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Retirement Pension Systems In The EU (European Union)

A common observation about people all over the world is that they make various efforts to find the best investment options for themselves. 

They do research on; which investment vehicle will bring in short term benefits, how to secure their loved one's life, once they are no more there to look after them.

However, what people hardly think about is their life after retirement. 

Yes. If you are not smart enough to worry and plan about your post retirement life, there are a lot of chances that you will end up in financial crisis.

What is Actuarial involvement?

The Actuary is the person involved for the purpose of computing the insurance risks, premiums and probabilities involved in future events of the retirement plan and are properly defined. The benefit is calculated by means of final salary.

The actuary is particularly involved in defining “when benefit payment are to be made" and the “level of benefits to be paid". With this assumptions of future events, the projection is done.

In most of the European countries, cost of providing retirement benefits is calculated “before the benefit payments are made". The actuary is involved in choosing the method that should be used to fund the benefits.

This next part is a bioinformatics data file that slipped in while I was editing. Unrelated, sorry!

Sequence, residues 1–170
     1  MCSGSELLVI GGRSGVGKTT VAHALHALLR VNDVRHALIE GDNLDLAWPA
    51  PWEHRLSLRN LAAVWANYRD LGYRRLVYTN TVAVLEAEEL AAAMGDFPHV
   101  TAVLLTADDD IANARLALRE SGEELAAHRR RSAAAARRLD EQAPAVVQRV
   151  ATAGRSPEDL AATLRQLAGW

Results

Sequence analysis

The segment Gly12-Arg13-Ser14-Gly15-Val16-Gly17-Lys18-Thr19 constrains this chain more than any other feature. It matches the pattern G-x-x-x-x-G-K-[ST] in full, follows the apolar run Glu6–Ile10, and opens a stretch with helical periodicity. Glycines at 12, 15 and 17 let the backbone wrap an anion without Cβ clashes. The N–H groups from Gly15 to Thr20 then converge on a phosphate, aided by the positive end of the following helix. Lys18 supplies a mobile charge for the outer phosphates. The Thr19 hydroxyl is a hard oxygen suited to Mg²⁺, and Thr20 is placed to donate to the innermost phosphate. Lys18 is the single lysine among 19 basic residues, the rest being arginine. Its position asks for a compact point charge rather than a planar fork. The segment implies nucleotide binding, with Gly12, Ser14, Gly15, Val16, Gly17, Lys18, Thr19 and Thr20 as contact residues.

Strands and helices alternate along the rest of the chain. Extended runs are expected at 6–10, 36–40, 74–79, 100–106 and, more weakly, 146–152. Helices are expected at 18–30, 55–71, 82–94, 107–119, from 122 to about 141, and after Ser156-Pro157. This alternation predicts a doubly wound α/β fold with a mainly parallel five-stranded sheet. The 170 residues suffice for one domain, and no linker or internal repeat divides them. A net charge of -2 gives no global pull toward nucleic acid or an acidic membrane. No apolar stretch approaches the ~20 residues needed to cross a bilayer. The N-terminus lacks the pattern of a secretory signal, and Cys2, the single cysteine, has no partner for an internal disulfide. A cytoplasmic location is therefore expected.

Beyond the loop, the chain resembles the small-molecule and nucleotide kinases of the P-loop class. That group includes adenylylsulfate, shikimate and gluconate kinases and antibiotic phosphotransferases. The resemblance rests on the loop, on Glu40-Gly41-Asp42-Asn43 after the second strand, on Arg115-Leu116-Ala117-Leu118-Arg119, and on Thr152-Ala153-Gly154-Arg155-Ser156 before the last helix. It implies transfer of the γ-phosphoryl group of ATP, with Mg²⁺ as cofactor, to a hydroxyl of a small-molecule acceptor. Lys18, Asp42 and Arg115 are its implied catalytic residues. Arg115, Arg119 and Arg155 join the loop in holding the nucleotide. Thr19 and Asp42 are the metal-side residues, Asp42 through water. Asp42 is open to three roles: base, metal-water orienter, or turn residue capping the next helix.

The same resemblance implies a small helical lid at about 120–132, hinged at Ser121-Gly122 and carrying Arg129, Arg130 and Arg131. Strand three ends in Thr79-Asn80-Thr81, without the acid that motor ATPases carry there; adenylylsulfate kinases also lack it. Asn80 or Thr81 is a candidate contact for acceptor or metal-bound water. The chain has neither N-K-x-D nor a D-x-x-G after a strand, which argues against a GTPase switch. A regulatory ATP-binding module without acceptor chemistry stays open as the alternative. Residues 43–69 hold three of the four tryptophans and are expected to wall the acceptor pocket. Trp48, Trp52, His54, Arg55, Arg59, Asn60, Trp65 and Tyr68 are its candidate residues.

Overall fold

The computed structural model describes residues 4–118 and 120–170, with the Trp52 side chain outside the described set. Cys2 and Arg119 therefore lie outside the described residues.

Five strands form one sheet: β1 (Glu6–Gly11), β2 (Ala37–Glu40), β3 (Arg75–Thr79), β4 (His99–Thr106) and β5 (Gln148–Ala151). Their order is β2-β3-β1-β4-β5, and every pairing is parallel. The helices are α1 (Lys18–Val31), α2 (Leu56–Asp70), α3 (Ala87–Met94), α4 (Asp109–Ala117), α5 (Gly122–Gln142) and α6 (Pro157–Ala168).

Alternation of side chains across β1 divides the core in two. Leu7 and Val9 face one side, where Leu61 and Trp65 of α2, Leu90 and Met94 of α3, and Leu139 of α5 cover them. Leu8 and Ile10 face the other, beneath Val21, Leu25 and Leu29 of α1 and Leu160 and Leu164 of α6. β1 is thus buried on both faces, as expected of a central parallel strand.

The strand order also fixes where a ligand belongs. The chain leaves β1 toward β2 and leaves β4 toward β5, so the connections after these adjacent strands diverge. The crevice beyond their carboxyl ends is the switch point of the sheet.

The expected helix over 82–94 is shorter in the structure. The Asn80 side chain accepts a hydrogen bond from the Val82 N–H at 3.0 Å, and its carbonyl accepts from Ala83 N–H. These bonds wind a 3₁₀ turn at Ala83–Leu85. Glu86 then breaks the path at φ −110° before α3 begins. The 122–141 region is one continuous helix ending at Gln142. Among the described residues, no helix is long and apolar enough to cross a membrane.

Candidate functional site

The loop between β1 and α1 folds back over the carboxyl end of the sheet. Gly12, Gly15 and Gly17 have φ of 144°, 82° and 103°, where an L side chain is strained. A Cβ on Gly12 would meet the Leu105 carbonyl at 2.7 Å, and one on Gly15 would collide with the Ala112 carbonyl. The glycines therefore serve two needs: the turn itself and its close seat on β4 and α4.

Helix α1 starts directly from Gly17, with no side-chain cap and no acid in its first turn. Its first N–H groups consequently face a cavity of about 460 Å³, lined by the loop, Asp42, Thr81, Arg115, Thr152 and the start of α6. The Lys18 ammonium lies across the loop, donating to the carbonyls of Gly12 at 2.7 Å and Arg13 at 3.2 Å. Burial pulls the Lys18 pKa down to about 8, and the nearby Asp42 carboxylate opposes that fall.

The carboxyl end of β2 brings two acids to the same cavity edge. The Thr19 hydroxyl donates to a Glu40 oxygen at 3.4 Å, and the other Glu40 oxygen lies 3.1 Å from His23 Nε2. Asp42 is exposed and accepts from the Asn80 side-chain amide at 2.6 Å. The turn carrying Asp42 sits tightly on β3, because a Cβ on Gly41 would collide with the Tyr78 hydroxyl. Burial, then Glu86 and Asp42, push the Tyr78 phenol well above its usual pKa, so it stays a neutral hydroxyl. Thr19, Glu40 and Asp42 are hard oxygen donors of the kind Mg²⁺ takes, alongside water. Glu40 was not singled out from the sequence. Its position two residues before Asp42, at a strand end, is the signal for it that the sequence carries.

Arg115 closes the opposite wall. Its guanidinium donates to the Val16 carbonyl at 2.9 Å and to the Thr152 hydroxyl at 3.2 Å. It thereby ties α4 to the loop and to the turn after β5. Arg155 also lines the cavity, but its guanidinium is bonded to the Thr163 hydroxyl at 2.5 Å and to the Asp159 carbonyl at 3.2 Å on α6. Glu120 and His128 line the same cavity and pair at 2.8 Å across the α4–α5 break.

The actuarial calculations made determines the “annual cost” for providing the pension benefits and the “level of liabilities” that should be calculated at a specific point of time. 

The result of the calculations considers the following:

Taxation authorities – who confines the level of contributions to a fund or tax deductible expense by allocating them to a book reserve.

Supervisory authorities – who says that the funding of a pension scheme is sufficient to enable all benefits to be paid

Accountancy bodies – which ensure that the cost of providing pension benefits is identified with the accepted accounting principles

The main actuarial involvements are:

1. Direct Pension Promise: